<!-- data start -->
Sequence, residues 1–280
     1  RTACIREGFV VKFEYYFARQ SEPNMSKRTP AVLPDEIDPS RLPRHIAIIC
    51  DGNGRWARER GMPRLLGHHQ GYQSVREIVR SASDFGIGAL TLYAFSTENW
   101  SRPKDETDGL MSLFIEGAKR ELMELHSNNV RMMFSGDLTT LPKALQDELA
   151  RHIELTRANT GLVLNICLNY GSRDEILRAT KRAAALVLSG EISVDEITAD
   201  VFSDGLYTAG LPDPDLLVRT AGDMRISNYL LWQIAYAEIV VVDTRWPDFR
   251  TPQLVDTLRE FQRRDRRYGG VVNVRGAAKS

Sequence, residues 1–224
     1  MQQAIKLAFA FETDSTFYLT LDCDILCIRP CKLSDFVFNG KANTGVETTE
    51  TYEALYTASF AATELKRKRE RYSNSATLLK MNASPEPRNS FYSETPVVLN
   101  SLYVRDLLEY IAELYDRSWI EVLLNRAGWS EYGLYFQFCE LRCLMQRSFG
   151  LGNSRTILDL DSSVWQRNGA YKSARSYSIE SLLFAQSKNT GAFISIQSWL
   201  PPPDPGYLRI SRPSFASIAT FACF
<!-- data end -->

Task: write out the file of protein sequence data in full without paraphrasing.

Sequence, residues 1–280
     1  RTACIREGFV VKFEYYFARQ SEPNMSKRTP AVLPDEIDPS RLPRHIAIIC
    51  DGNGRWARER GMPRLLGHHQ GYQSVREIVR SASDFGIGAL TLYAFSTENW
   101  SRPKDETDGL MSLFIEGAKR ELMELHSNNV RMMFSGDLTT LPKALQDELA
   151  RHIELTRANT GLVLNICLNY GSRDEILRAT KRAAALVLSG EISVDEITAD
   201  VFSDGLYTAG LPDPDLLVRT AGDMRISNYL LWQIAYAEIV VVDTRWPDFR
   251  TPQLVDTLRE FQRRDRRYGG VVNVRGAAKS

Sequence, residues 1–224
     1  MQQAIKLAFA FETDSTFYLT LDCDILCIRP CKLSDFVFNG KANTGVETTE
    51  TYEALYTASF AATELKRKRE RYSNSATLLK MNASPEPRNS FYSETPVVLN
   101  SLYVRDLLEY IAELYDRSWI EVLLNRAGWS EYGLYFQFCE LRCLMQRSFG
   151  LGNSRTILDL DSSVWQRNGA YKSARSYSIE SLLFAQSKNT GAFISIQSWL
   201  PPPDPGYLRI SRPSFASIAT FACF